It seems controlling the amount one eats at a restaurant has an extremely simple solution: Use a bigger fork. Yes, forget portion sizes and how they influence diners’ consumption and look at fork size, instead. So say researchers Arul and Himanshu Mishra and Tamara Masters, who conducted field research into how bite sizes affect quantities ingested.

As first reported in the June 19, 2011, Daily Star (Lebanon), the research team focused on a popular Italian restaurant in the Southwestern U.S. Two sets of forks were set to work--one, the larger, held 20% more food than the fork usually used in the restaurant, and the smaller held 20% less.

It was found that diners who used the bigger fork ate less of their food than those who used the smaller one. Interestingly, the results were the exact opposite, when the same test was conducted in a lab setting. It seems the researchers, whose results were published in the Journal of Consumer Research, concluded there are different motivations when people eat in a restaurant or a lab.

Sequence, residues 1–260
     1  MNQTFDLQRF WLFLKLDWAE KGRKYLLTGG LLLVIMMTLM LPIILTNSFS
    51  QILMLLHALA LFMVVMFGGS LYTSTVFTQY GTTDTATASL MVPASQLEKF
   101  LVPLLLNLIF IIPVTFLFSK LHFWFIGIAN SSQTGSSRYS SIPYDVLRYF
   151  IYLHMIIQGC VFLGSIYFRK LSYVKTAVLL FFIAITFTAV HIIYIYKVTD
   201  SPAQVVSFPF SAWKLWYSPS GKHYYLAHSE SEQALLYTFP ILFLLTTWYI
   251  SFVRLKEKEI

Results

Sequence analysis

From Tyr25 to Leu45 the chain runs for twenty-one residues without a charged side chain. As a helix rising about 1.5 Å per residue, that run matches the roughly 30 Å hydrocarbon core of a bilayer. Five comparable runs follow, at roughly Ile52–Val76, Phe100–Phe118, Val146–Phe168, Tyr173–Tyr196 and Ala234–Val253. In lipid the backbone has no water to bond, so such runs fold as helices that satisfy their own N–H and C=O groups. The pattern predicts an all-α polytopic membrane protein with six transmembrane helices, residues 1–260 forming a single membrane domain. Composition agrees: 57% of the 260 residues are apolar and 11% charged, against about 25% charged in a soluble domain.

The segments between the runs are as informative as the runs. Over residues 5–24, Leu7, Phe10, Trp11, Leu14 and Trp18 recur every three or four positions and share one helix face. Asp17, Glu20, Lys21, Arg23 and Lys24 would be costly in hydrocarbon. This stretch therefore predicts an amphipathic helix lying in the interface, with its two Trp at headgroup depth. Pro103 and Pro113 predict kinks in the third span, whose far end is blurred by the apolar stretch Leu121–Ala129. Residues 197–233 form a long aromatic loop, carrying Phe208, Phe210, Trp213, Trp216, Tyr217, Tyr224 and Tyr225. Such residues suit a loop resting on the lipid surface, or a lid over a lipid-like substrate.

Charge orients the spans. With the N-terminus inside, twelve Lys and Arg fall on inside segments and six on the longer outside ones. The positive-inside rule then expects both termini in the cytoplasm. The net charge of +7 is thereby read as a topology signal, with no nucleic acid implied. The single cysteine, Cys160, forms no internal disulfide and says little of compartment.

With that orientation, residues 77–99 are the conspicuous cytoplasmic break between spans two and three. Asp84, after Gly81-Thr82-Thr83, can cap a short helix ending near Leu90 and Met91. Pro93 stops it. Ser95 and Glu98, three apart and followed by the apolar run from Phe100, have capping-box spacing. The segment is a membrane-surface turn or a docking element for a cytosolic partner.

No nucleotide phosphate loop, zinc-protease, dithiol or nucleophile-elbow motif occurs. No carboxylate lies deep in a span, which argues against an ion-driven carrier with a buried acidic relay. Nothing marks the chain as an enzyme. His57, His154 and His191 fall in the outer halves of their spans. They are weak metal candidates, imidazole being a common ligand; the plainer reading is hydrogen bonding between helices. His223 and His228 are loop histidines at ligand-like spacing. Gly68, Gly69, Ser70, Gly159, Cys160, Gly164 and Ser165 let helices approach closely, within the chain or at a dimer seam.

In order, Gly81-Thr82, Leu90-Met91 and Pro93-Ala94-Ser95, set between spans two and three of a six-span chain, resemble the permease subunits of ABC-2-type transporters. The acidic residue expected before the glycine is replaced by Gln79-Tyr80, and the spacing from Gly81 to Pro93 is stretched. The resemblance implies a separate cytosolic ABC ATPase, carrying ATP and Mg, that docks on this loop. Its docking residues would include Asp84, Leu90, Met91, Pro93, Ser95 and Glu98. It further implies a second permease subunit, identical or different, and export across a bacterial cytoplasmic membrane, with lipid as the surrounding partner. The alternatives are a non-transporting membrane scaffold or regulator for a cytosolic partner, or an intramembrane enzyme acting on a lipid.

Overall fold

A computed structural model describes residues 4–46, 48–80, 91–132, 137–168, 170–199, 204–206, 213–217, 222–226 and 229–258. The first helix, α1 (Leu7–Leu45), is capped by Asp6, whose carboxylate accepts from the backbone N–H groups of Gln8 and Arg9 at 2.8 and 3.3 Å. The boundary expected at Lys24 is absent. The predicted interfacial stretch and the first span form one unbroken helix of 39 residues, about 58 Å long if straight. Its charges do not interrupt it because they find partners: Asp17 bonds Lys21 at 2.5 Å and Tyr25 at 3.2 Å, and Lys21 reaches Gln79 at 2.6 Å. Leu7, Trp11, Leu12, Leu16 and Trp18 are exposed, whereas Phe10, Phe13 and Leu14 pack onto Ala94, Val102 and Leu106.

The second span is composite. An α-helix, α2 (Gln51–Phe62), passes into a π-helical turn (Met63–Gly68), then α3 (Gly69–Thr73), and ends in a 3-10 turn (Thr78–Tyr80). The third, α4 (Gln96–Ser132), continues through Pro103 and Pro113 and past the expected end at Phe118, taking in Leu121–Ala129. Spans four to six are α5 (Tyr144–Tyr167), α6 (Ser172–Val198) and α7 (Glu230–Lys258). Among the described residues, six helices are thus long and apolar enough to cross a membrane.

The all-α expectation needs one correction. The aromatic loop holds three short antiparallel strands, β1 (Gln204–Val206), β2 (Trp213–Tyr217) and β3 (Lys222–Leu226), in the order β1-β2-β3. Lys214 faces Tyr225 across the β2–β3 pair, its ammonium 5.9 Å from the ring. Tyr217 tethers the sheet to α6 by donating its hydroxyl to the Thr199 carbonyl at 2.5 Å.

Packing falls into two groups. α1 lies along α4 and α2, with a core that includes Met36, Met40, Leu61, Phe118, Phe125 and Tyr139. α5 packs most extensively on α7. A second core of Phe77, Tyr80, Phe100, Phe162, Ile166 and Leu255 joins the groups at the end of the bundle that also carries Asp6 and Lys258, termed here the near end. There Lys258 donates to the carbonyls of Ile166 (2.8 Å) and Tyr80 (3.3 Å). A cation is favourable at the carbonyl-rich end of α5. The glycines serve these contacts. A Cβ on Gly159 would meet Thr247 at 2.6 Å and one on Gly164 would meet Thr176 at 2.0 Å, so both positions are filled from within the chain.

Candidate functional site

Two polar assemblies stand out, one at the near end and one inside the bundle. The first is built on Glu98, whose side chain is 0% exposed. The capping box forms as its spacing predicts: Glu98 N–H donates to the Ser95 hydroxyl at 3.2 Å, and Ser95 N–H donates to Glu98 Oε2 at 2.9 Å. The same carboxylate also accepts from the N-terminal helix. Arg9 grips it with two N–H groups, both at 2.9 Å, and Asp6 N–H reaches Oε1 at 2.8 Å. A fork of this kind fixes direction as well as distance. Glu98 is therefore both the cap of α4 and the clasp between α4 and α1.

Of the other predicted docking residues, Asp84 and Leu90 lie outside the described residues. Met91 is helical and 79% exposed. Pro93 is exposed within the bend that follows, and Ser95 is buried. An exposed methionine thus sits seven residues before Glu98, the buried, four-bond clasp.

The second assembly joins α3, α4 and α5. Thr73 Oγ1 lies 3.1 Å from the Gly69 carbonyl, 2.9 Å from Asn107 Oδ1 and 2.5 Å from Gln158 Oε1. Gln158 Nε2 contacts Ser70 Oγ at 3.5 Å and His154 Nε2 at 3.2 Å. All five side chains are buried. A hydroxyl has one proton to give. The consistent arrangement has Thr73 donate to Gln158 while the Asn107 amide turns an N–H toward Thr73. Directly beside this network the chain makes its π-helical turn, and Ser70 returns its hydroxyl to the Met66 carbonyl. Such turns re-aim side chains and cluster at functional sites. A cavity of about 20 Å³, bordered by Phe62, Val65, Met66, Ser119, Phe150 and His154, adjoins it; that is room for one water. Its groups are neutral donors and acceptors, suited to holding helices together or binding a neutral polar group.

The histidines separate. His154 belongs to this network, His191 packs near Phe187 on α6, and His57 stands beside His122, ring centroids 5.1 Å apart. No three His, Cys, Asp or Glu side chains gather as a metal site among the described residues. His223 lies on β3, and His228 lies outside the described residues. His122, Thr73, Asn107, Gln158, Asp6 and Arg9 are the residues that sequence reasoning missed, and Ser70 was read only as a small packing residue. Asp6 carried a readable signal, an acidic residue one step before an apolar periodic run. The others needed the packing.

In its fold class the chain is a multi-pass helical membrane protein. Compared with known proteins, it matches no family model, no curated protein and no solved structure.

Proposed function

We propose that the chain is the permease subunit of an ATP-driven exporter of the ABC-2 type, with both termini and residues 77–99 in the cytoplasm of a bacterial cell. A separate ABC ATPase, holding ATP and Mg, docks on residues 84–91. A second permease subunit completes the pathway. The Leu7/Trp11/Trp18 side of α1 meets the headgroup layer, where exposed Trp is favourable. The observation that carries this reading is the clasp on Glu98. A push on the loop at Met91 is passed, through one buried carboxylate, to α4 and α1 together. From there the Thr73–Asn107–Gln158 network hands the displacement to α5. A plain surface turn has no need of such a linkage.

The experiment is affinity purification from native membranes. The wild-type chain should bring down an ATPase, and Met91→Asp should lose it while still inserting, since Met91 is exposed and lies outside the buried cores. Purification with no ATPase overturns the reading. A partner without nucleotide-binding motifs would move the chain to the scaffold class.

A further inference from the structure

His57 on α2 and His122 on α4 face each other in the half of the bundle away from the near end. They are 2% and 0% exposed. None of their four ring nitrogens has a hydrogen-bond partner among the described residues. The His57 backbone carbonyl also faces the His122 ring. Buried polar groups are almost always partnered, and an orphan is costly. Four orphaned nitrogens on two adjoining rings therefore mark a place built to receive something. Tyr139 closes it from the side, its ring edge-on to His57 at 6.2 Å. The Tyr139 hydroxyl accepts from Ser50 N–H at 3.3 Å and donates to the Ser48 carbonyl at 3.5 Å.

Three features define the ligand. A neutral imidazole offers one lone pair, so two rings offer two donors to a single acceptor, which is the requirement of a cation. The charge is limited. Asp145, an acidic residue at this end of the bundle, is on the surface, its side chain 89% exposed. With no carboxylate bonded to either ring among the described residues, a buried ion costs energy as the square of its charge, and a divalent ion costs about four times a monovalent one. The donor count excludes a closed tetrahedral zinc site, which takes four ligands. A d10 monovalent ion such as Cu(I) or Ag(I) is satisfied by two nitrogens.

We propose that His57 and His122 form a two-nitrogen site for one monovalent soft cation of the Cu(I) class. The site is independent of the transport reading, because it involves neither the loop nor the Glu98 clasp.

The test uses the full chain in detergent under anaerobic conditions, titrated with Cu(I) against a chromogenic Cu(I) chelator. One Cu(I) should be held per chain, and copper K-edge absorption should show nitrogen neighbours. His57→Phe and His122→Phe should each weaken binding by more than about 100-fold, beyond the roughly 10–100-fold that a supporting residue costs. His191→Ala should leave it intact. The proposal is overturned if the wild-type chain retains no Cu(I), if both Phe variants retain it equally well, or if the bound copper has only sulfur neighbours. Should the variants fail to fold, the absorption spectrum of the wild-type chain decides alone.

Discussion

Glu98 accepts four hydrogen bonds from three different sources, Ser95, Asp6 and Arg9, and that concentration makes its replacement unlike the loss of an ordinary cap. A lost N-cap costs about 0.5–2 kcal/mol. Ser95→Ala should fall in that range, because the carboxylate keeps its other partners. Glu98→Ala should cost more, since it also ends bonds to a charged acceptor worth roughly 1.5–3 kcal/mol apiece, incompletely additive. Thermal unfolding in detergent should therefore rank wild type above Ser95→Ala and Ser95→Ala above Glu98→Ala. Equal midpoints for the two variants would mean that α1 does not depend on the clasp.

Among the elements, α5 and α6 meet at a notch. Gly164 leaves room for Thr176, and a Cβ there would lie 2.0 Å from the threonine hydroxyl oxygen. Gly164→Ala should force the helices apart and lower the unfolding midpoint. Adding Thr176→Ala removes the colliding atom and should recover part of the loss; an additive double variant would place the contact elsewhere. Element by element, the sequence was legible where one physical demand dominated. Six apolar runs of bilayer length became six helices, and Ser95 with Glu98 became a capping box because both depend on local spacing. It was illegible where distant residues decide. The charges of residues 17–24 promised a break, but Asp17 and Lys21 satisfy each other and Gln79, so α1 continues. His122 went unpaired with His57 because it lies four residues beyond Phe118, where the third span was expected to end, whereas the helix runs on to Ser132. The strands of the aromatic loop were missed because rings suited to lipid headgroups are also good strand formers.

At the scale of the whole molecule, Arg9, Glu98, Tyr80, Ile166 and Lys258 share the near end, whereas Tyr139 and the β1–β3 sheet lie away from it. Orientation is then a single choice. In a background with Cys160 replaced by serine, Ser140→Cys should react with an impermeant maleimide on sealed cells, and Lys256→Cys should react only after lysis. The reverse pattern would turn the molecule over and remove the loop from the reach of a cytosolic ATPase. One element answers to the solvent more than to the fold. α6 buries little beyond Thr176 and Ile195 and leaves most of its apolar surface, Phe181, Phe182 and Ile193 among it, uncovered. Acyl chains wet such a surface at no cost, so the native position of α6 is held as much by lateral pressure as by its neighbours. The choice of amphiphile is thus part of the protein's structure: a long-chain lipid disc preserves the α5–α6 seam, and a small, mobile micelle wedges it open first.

In a restaurant, diners want to “satiate their hunger…because of this well-defined goal, they are willing to invest effort and resources to satiate their hunger.” In a lab, however, participants who were told they were taking part in a study did not have that same motivation. Restaurant diners seemed to feel the small fork gave them a “feeling that they were not making much progress,” meaning they ate more of the food on their plate than the large-fork group, the researchers reasoned.

What does this mean to R&D labs and consumer research teams? If restaurant patrons’ motivation is different from the motivations of diners in a lab tasting session, possibly more research on this topic is needed to achieve accurate insights into the consumer mindset. pf